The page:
Advertisement

After talking to Babs and Alfred about Jason’s return, Batman gets a ping from an out of the way alley that he regretfully recognizes: the alley where he met Jason for the first time, as an orphan stealing the wheels off an older Batmobile. From this point on Batman would go on a new quest line where he remembers key moments in his partnership with Jason, from their early missions together to Nightwing’s first appearance after Jason has taken on the role of the new Robin, to when Batman starts to learn Jason’s mean-streak as a reckless crime fighter, and eventually to the moment where he loses him to the Joker. But throughout all of this, the Joker hallucination that’s been plaguing you throughout the game gives his own sadistic take on each memory: Batman training a kid for a life that could end horribly at any moment, Batman not pulling Jason off the job even at moments where he knew he should have, and most importantly this is where I’d put the scenes of the Joker torturing and breaking Jason.

I know that these scenes have already been used earlier in the game during the fight with Harley Quinn, but their original usage is the exact moment where the game’s storytelling fails. Even though these scenes are brutal to watch and show just how badly the Joker broke Jason (more than justifying the game’s M rating), having them here completely gave away the Arkham Knight’s identity, and people who’d never heard of Jason Todd now knew where this was going. But imagine if they were instead juxtaposed against Batman’s memories of Jason at the beginning of his career. We’d now have a great contrast: Batman remembering Jason’s life and his beginning as Robin, while the Joker forces him to watch his horrific end and death. Throughout all of these memory missions, I’d again have Batman fight alongside Nightwing and Tim Drake (the current Robin) in dual fighter missions throughout Gotham, but as each fight begins Batman flashes back to Jason and himself in earlier uniforms, creating some bittersweet moments. Even though Batman knows it’s the hallucinations again, this time however he’s remembering some fond moments from his past.

Advertisement

At the end of this sidequest, I would have one last encounter between Batman and Jason, but not as true enemies. Jason’s been following Batman all this time watching him go from one memorable location to another, and he can see something is indeed eating away at him. Whether or not it’s the Joker hallucination or guilt isn’t made clear, but Jason lets go of his vendetta against the man who trained him. He can’t completely forgive Bruce, but he is up for crippling the last remnants of the Arkham Knight’s forces. In one of the game’s final fights, we see the two Knights go up against Deathstroke (NOT in a tedious tank fight), and at the end Jason gives up the Arkham Knight moniker, and instead formally takes on the role of the Red Hood. Batman tells him he won’t allow a vigilante who straight up kills, but Jason notes he has bigger problems to worry about: the Scarecrow is using the last of his resources for one final onslaught on GCPD HQ...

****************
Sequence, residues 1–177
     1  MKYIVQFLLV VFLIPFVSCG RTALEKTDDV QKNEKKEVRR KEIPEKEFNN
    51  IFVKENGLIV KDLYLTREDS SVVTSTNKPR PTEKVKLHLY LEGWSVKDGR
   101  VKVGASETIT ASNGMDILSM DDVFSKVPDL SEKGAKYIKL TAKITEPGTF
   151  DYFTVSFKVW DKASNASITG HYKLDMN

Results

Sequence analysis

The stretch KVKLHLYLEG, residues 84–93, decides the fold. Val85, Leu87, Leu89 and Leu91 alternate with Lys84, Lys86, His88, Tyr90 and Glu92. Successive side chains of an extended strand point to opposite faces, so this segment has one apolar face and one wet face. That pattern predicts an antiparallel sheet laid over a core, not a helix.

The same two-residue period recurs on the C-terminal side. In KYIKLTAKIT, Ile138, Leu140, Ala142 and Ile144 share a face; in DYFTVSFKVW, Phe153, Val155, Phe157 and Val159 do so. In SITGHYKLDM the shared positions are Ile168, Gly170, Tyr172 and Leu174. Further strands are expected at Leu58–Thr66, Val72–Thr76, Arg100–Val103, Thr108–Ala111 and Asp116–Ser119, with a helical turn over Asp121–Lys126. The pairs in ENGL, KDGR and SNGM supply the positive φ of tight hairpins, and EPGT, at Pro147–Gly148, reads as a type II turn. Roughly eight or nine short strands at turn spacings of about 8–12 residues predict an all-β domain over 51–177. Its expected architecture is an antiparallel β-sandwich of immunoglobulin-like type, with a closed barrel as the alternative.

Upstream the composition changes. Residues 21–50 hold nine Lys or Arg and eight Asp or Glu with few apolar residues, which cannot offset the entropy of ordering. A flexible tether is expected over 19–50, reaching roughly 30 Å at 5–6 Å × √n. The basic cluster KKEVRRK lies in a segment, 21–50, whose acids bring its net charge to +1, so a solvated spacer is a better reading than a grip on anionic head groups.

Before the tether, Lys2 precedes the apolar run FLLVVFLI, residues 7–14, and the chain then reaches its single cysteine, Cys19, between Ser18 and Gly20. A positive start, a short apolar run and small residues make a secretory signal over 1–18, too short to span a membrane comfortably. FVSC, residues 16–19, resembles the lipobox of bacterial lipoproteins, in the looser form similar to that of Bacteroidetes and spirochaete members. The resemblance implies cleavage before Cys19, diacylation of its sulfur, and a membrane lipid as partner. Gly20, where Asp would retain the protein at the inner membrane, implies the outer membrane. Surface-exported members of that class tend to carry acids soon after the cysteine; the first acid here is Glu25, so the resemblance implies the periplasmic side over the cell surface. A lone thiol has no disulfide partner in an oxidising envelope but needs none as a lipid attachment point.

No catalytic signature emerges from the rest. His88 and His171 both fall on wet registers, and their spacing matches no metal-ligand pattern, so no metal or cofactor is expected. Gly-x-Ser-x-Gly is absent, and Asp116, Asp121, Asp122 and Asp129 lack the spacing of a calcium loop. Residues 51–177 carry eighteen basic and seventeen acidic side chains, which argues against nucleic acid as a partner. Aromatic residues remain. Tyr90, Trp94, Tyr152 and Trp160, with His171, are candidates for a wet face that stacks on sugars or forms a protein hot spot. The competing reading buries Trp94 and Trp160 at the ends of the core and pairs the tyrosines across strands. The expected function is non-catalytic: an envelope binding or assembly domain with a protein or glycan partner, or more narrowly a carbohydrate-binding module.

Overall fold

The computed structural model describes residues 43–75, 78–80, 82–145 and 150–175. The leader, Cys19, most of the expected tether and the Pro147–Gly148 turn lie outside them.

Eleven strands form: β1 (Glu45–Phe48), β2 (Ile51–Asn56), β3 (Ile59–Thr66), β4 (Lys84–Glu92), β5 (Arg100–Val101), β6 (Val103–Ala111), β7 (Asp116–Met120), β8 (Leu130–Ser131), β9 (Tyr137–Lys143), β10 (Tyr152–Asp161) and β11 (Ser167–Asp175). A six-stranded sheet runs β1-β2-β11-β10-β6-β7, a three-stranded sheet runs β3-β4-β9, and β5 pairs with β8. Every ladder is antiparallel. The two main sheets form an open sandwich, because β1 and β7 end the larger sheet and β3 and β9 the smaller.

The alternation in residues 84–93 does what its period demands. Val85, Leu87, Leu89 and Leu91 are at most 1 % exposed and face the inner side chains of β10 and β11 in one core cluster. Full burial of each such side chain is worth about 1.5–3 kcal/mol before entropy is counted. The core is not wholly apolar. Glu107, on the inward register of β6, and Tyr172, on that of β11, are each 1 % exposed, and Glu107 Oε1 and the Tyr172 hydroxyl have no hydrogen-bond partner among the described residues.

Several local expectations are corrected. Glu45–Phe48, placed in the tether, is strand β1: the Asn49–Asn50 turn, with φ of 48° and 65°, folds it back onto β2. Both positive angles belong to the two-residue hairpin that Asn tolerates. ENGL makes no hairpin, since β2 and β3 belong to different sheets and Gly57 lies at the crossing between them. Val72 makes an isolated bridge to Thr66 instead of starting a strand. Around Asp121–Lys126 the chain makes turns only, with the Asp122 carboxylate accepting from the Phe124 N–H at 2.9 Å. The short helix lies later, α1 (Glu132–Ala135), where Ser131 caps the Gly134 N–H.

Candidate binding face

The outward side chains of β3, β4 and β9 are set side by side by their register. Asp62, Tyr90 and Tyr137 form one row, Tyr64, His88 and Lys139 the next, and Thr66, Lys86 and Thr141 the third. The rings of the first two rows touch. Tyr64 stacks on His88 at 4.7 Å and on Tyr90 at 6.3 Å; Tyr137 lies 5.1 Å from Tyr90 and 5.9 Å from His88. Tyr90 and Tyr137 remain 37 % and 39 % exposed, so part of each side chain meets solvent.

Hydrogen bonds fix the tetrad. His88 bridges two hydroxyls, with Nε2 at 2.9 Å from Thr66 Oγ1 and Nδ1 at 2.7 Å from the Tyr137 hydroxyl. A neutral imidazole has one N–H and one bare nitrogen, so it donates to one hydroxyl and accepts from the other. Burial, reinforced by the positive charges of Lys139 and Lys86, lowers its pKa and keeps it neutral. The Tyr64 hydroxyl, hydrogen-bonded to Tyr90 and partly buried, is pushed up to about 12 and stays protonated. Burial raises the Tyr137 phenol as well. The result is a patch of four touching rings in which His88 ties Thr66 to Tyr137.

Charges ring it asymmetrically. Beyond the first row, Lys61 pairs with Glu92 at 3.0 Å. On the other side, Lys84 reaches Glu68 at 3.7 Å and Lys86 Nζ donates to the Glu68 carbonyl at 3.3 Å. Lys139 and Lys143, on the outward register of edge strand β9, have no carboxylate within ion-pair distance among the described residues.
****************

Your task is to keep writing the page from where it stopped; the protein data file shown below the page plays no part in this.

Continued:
Now we get to the end of the game, after Batman has completed the Jason missions, and he has to give himself up to Scarecrow. In the original game Jason comes to your rescue which is nice, but feels like it comes out of nowhere. The two of you haven’t really had any interaction besides the fight the two of you had, so it doesn’t really make sense when he comes to save you after telling you that he hates you guts, and has tried multiple times to kill you.

With the Jason missions though he’s seen your guilt, and is more willing to come to your rescue… but he’ll only do it if you’ve done the missions. Otherwise, you can defeat Scarecrow, but it’ll be a hollow victory with Batman dying to save his allies. But with Jason on your side, the fight won’t end in a bittersweet manner, and in a way you had a second chance to save Jason, with the pay off of you actually getting a good ending.

Advertisement

I’ll note that I’d keep the final confrontation with the Joker about the same (“I am Vengeance, I am the Night...”, the whole thing), it’s just the final scene between Batman and Scarecrow where I’d changed it up. If you didn’t complete the Jason missions you will defeat the Scarecrow, but he injects Batman with another, final dose of fear toxin; you don’t fall to the psychological effects, but your body just can’t take fighting it anymore. However, if you do the Jason missions, the Red Hood breaks in and frees Batman before Scarecrow can inject him again, and Batman is able to take him down without dying. This can also be a great scene where Jason meets Commissioner Gordon one last time, and “properly” meets the current Robin, Tim Drake. Everyone acknowledges that Bruce Wayne’s identity has been blown, but this won’t be the end for Batman.

Like I said earlier, I know not much can be done to fix Arkham Knight’s story, but even a year later it still deserves constructive criticism all the same,and with Rocksteady Studios apparently working on a new Arkham game (for VR of all things), maybe we should take a look back at their previous effort. Arkham Knight’s biggest shortcomings were mainly its story and its PC port; the gameplay itself was great for the most part. Hell, I actually loved the Batmobile. But when a failure is on your mind for the better part of a year, and you think you found a way to “fix” it, maybe just getting it out on paper can exorcise the proverbial demon.

Advertisement

TGRIP is a film student studying in Portland, OR. TAY’s resident Xbox and racing game fan, he also (part time) reviews and does opinion pieces on games, movies, television, comics, and anime. He also runs his kinja sub blog Work(ing Title) In Progress. You can follow this third person narrating weirdo on Twitter @Dennis_wglasses, and his Gamertag on Xbox Live is “Aventador SV”.

Share This Story